is being seen live across the nation, i want to make sure that those watching can get a chance to contextualize what happened with the issue of poverty across the nation. these are issues that come from 1989. here's what we know since 1989. i want to start in washington, the nation's capital, because this is where the last time we took poverty seriously -- to my mind -- the war on poverty, and we will debate that tonight, i'm sure, but the last time we took it seriously during the johnson years. that program started in washington. give me two minutes to give you some sense and this audience some sense of what has happened to poverty since 1989. talking specifically about income inequality -- the top 5% of washington, d.c., household -- in the nation's capital in the origination of the world -- the top 5% of households made more than $500,000 on average
last year. top 5%. $500,000 on average last year. the bottom 20% made less than $9,500 last year. i'm no economist, but that is a ratio of 54 to one. the district of columbia, the nation's capital, is the worst of all the 50 states in the union. that is what income inequality looks like in the nation's capital. income inequality has increased in 49 of 50 states since 1989. the poverty rate increase in 43 states. most sharply in nevada. ravage of course by the housing bust, and in my home state of indiana, which sought a rise in low-paying jobs. in all 50 states, the richest 20% of households made far greater income gains than any other quintile, up 12% national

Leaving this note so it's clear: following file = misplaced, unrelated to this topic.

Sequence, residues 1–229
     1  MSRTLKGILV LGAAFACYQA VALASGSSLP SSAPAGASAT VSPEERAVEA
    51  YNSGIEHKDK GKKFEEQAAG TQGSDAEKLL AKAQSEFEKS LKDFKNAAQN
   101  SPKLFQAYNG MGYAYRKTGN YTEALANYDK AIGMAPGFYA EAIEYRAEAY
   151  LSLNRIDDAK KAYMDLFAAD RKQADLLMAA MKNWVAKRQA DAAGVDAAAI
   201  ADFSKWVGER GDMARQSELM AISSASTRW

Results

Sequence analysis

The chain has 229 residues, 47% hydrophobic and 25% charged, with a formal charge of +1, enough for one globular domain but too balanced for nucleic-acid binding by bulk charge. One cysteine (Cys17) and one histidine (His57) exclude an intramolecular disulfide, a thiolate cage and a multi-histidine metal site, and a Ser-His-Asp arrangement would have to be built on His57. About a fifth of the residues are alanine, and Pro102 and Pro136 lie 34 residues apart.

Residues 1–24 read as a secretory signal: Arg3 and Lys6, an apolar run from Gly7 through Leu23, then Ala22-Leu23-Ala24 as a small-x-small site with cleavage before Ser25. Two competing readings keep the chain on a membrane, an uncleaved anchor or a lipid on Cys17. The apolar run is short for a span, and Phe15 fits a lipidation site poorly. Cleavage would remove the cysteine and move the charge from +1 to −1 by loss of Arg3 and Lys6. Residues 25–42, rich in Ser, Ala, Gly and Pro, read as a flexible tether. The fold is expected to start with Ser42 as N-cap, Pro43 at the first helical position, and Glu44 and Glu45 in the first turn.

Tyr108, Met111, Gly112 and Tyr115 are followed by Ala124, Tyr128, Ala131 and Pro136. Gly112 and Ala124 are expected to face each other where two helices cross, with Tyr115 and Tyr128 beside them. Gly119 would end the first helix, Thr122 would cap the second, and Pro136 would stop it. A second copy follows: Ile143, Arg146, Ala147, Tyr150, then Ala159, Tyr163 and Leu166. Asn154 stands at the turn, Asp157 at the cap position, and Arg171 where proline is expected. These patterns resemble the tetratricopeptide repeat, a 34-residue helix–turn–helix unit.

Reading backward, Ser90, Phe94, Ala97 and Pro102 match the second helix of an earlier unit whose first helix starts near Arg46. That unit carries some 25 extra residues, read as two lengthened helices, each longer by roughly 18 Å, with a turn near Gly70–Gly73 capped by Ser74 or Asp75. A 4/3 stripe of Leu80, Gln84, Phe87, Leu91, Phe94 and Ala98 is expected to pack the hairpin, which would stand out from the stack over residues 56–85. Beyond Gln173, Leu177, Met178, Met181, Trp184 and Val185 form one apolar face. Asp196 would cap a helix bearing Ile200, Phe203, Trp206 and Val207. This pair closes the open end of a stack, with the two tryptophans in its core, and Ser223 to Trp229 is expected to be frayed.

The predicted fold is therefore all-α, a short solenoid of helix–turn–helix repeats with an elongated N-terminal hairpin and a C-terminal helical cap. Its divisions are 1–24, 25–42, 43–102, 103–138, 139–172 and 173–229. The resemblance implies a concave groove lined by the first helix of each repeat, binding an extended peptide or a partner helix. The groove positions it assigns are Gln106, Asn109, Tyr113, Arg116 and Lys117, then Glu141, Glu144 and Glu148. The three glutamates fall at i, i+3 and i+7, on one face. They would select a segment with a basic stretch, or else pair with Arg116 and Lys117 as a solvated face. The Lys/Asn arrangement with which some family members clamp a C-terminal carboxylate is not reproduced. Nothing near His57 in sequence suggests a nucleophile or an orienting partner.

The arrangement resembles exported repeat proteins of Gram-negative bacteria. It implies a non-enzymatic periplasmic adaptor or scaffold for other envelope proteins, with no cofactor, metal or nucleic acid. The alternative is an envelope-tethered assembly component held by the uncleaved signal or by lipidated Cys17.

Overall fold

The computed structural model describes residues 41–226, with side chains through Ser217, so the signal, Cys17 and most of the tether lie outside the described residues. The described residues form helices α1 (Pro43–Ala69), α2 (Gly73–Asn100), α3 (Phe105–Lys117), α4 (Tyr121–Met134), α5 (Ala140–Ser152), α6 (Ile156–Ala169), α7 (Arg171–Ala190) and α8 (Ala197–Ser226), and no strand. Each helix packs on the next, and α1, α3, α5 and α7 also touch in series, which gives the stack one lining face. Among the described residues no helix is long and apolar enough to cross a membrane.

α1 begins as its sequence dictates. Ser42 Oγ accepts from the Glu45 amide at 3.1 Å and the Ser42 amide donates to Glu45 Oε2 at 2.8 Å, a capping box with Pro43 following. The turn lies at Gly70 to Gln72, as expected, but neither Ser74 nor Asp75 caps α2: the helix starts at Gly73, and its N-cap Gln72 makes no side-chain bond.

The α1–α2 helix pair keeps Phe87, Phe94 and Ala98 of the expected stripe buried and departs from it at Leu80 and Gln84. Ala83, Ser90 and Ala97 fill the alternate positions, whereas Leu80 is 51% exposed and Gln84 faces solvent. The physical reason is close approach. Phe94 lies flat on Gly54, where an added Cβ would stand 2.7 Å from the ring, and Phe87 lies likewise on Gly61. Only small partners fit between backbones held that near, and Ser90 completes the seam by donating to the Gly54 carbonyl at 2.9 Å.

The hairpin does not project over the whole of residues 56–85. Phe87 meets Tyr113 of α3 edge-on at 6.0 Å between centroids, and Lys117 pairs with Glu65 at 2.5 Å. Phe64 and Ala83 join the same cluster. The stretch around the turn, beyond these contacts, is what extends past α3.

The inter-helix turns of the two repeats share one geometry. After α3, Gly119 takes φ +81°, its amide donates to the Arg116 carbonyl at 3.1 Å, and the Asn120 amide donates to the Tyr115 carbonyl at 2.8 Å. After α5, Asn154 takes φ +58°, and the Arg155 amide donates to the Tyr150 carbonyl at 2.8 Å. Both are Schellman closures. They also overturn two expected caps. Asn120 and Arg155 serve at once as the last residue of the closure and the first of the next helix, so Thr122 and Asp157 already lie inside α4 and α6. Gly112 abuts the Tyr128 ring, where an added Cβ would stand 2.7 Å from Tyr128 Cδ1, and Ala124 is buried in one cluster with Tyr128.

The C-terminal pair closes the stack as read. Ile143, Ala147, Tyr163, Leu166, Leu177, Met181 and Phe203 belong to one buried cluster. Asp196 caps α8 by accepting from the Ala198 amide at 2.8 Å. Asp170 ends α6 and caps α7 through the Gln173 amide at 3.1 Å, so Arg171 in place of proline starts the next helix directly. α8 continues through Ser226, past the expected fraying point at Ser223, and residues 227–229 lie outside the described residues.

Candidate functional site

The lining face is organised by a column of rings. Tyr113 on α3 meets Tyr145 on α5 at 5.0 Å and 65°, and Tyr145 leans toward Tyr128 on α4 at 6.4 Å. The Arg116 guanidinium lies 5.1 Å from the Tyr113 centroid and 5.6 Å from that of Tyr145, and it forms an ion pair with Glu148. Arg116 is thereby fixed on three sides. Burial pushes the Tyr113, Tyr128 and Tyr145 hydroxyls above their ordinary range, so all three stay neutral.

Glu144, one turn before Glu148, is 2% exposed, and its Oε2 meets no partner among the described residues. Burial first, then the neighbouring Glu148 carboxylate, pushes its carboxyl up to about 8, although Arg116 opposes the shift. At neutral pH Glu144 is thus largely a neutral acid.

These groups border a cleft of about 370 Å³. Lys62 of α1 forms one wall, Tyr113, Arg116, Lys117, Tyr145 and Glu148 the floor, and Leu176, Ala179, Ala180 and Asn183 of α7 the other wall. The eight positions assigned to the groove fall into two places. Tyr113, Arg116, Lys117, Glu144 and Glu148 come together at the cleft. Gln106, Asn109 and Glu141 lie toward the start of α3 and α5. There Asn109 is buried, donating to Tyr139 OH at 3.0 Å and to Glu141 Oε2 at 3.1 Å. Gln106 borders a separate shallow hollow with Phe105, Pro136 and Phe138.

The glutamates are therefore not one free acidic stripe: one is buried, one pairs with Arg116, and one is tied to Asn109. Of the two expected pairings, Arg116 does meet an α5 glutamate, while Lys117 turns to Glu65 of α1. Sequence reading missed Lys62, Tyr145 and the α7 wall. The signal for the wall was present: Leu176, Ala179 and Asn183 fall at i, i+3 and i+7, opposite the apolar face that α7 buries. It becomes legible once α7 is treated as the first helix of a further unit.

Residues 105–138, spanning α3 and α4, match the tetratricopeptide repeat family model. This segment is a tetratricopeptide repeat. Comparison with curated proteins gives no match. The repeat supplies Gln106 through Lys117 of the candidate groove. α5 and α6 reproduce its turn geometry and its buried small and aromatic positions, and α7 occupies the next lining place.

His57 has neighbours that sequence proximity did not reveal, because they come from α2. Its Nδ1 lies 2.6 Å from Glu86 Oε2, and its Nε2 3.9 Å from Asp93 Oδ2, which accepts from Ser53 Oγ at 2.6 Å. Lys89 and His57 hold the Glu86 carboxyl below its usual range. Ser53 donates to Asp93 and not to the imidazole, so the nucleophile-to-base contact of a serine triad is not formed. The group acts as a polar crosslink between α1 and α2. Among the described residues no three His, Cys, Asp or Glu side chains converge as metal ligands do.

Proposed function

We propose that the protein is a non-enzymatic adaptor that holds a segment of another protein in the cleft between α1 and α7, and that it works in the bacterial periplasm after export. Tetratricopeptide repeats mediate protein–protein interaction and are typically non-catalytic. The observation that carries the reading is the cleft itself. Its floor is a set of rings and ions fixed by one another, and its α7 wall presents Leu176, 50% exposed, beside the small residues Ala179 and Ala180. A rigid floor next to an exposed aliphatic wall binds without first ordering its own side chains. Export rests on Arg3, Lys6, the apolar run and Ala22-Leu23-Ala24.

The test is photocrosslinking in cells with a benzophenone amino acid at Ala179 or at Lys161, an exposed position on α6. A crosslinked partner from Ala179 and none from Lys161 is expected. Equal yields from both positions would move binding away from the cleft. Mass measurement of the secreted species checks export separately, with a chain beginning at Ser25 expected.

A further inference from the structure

ly. income for the median household fell with michigan and connecticut leading the way. the five largest increases in inequality -- get this -- the five largest increases in inequality in this country since 1989, all in new england. connecticut, massachusetts, new hampshire, rhode island, and vermont. a decline in manufacturing jobs, and in case you are wondering, hit new england's poor and middle pretty hard, while the highly educated benefited from the expansion of biotech, and you will not be surprised by this, finance. the only state that did not see the rise in inequality was the state i was born in. i grew up in indiana, but i was born in mississippi. the only state that did not see a rise in inequality, but get this -- it had an insignificant dip.
the magnolia state was one of the few to post a small drop in poverty and a rise in income, but it still ranks as the worst in the nation on both counts. i want to give you some sense of what is happening with income inequality in this country since the year 1989. having said that, i want to start with you and just ask a question that is important as we sit here tonight on the eve of the inauguration on monday, on -- just days ahead of debt ceiling conversations, days after fiscal quick negotiations -- days after fiscal cliff negotiations. was that deal good for poor people? >> for 30 years, we have not addressed this issue, except for the wonderful work that you and cornel are doing in these